Give Us Your Drugs, Says Santa Monica Police Department
By Jason Islas
September 20, 2012 -- In an effort to stem rising levels of prescription drug abuse, the Santa Monica Police Department is asking residents to clean out their medicine cabinets of potentially dangerous drugs.
As part of a nation-wide initiative by the Drug Enforcement Agency (DEA), the public can bring expired, unused and unwanted prescription medication to the Public Safety Facility, 333 Olympic Drive, on September 29 from 10 a.m. to 2 p.m. so that they can be disposed of properly.
An officer will be present to take the drugs.
“Prescription drugs are epidemic in this country,” said SMPD Spokesperson Sergeant Richard Lewis. “It's another reason why we're trying to get them off the street.”
“Rates of prescription drug abuse in the U.S. are alarmingly high, as are the number of accidental poisonings and overdoses due to these drugs,” police said.
Some of the most sought after drugs are painkillers.
In 2010, the New York Times reported that the federal Substance Abuse and Mental Health Services Administration found a 400 percent increase of those seeking treatment for painkiller addiction.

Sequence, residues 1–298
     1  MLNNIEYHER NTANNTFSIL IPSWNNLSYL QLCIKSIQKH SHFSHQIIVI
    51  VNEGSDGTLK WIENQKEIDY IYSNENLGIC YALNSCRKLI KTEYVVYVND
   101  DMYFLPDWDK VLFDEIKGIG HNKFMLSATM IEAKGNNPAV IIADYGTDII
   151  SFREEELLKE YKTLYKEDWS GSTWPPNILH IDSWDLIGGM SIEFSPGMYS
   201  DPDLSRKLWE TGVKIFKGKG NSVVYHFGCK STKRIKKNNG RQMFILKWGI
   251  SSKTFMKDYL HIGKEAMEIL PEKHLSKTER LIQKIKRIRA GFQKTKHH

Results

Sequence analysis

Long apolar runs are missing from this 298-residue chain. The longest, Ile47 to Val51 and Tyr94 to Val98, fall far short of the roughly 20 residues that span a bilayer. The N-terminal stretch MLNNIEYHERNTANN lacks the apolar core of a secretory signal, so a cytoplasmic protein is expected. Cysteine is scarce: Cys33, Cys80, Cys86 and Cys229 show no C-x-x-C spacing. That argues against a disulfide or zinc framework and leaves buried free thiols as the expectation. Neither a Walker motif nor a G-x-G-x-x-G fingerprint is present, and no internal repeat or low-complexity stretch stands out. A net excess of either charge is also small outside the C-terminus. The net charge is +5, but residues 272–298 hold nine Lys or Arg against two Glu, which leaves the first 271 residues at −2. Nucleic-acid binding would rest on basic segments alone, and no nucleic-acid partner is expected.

“Studies show that a majority of abused prescription drugs are obtained from family and friends, including from the home medicine cabinet,” according to authorities.
In order to stem the flow of illegal use of prescription drugs, Congress passed the 2010 Secure and Responsible Drug Disposal Act, which allows “an 'ultimate user' of controlled substance medications to dispose of them by delivering the drugs to entities authorized by the Attorney General to accept them,” SMPD officials said.
Lewis said that proper disposal of prescription drugs is important because throwing them in the trash could eventually lead to harm.
“There are people out there who rummage through trash cans,” he said. Expired medications, or medications not prescribed to the person taking them could cause health problems or even death, he said.
Police also advise not to flush medicines down the toilet.
“People used to flush their old medicines,” he said, but “it's not healthy to flush them.” If flushed, Lewis said, they can pollute the ocean.
Over the last four “Take-Back” events, “more than 774 tons of medications were collected.
nationwide, of which more than 58,000 pounds were collected in the greater Los Angeles area alone,” authorities said.
This will be the third time that Santa Monica has participated in the nationwide event.
“The first two times we've done it, it's been a huge success,” Lewis said.
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